Home fires are a leading cause of property damage - and a highly avoidable one.

Common causes of house fires

April 21st, 2016 by

Home fires are a leading cause of property damage - and a highly avoidable one.

Home fires are a leading cause of property damage – and a highly avoidable one. For the most part, these fires are rarely intentional and can usually be attributed to carelessness or simply not paying enough attention.

"From my experience, the five most preventable causes are cooking-related fires, unattended candles, burdened electrical connections, lighting/appliance malfunctions and smoking cigarettes or cigars," Damon Gersh, president and CEO of Maxons Restorations, tells Property Casualty 360. 

Here are few of the most common causes of house fires and how you can prevent them from occurring, according to Readers Digest and Property Casualty 360.

Grease fires and other cooking mishaps can easily get out of hand. Never leave a cooking implement on a hot stove unattended, and keep anything combustible – like paper – away from open flame or heat source. Handle all cooking utensils, pots and pan with a flame retardant oven mitt. 

While a fun source of romantic mood lighting, candles are often lit and then left unattended, which can result in a fire before you even know it. Never leave candles unattended and blow them out every time you leave the room. Candles should be kept at least 12 inches away from anything flammable and contained in fire-proof bases so that, even if they melt down to the wick, they will not cause further damage. 

In addition to being unhealthy, cigarettes pose another hazard: Smokers are at higher risk of house fires than nonsmokers. Individuals over the age of 65 are at an increased risk of dying in a  house fire caused by smoking materials than those younger than 65, according to Property Casualty 360. This may be in part due to the increased use of medical oxygen and other breathing apparatus by seniors. To remain safe, extinguish all butts in a wide, sturdy ashtray and never smoke in bed. 

Heaters and furnaces
It pays to have your heating equipment inspected annually – not just to maintain an efficient system, but to prevent breakdowns that could lead to fires. Have a certified technician inspect all home heating equipment, keep flammable items like curtains or furniture at least a meter away from heaters and make sure smoke and CO2 detectors have fresh batteries.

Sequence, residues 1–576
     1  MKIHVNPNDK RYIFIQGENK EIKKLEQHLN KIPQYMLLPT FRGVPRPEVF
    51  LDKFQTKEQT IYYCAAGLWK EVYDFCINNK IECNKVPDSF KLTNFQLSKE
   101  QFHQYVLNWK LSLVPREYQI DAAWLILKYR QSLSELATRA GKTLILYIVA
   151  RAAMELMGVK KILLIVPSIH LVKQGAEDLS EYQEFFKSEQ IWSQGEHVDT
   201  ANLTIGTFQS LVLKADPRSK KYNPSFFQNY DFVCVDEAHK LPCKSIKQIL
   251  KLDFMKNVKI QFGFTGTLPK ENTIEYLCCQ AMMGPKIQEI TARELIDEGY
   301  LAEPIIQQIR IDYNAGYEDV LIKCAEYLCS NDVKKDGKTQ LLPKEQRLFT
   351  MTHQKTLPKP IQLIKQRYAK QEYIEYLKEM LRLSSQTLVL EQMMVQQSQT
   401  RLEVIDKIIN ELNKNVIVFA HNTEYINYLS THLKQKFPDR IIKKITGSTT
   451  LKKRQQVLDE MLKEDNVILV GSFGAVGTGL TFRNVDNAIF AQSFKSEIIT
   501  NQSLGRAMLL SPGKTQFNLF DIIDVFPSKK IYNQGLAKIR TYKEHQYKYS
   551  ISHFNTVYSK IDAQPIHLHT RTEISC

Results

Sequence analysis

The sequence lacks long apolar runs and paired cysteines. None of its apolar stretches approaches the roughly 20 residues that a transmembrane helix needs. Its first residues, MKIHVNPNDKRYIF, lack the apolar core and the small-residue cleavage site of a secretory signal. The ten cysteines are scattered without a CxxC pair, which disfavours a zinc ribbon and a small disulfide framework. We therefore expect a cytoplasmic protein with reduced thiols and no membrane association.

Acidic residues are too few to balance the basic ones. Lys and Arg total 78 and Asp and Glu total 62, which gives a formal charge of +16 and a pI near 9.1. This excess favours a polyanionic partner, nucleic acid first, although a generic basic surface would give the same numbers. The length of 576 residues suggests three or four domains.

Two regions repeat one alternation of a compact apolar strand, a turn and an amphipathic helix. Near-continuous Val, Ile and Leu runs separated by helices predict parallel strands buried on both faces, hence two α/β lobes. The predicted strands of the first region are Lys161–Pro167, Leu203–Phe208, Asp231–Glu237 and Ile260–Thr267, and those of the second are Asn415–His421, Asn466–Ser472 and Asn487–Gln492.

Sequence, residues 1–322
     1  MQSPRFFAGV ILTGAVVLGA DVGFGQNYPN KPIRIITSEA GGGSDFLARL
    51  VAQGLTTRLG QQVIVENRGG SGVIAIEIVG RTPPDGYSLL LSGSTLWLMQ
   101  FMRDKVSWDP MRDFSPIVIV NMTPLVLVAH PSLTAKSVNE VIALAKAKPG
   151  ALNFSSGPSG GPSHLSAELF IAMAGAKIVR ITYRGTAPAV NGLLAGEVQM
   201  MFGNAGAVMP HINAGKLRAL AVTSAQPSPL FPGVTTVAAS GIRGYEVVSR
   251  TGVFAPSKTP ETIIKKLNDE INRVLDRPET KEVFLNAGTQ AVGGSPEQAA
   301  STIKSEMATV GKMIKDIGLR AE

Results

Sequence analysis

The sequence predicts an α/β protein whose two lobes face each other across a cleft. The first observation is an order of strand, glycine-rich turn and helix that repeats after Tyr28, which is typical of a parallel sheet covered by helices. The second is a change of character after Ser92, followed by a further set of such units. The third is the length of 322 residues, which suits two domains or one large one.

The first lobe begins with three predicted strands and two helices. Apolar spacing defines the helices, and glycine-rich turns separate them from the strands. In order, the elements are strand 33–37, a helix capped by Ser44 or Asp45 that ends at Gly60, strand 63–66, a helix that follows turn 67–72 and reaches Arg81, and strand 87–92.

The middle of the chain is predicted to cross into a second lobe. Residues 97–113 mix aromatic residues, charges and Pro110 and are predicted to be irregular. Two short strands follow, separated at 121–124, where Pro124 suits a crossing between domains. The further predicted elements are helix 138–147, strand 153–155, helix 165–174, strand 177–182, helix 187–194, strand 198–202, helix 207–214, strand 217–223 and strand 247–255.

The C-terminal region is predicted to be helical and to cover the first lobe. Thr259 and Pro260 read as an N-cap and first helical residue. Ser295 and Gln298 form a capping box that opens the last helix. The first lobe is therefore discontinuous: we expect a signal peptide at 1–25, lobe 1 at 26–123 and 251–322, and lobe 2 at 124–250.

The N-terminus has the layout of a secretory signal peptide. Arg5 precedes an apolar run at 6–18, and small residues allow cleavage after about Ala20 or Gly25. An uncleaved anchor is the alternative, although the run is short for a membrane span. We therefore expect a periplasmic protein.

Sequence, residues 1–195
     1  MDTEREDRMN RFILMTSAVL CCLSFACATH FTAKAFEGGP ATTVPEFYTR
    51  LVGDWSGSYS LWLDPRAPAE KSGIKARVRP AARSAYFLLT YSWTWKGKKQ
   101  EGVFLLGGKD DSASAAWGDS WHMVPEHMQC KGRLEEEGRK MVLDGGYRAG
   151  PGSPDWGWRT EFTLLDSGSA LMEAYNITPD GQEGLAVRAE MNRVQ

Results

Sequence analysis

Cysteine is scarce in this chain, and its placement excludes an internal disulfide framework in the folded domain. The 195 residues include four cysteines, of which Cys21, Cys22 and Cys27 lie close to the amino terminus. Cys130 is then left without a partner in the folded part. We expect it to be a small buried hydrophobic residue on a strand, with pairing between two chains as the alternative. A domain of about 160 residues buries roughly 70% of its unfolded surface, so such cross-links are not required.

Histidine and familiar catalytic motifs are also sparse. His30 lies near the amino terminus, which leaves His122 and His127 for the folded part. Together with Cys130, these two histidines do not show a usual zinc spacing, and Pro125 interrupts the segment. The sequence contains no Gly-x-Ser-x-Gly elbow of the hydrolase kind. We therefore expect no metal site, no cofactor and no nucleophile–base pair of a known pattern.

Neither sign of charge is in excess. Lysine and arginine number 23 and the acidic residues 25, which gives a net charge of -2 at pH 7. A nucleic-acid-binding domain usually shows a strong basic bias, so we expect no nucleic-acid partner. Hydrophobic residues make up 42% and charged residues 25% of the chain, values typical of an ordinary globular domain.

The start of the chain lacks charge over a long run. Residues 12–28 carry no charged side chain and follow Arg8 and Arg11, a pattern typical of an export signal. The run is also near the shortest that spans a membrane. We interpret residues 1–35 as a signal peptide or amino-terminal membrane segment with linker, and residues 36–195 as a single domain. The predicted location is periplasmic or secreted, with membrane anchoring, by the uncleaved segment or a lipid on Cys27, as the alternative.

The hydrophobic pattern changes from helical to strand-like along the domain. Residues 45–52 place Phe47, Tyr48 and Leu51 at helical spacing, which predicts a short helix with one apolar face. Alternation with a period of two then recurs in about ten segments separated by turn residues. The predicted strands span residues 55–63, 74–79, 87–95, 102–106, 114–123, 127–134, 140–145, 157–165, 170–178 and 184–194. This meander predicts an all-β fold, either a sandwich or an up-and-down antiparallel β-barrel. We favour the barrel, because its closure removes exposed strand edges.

Electrical cords
Whatever appliance you are powering, the chord connecting it to electricity is the part most prone to starting a fire. A cord that is frayed, loose, situated under a rug, or stuck into an overused outlet poses an increased fire hazard. Inspect all cords and do not use anything that appears unsafe. Unplug all holiday lights when you leave your home or overnight as you sleep. 

Dryers, according to Property Casualty 360, are involved in nearly 92 percent of all appliance fires. To keep them from posing a hazard, clean out the lint filter before and after each use. Also be sure that the heat vent pipe is unobstructed and that gas and propane dryers don't have any leaks in their fuel lines. 

While you can't control when of where lightning strikes, you can make efforts to help mitigate the potential damage. During an electrical storm, unplug and cease using corded electrical devices like TVs, stereo equipment, computers and microwaves. For your own safety, avoid doors and windows as well as plumbing, in case the lighting travels through water pipes. 

Children are naturally curious, especially around fire. Never leave a child unattended near something flammable or with fire-starting materials like matches, lighters or candles. Teach them fire safety techniques at an early age.

Flammable liquids
Paints, gas, solvents, cleaning agents, thinners, adhesives and other raw materials can be fire hazards, even if kept far from a heat source. Fumes can build up over time, causing the liquids to ignite. Store in a cool, ventilated area.

In the event of a fire, homeowners insurance can help pay for repairs and recover what you may have lost. Contact Fundy Mutual today to learn more.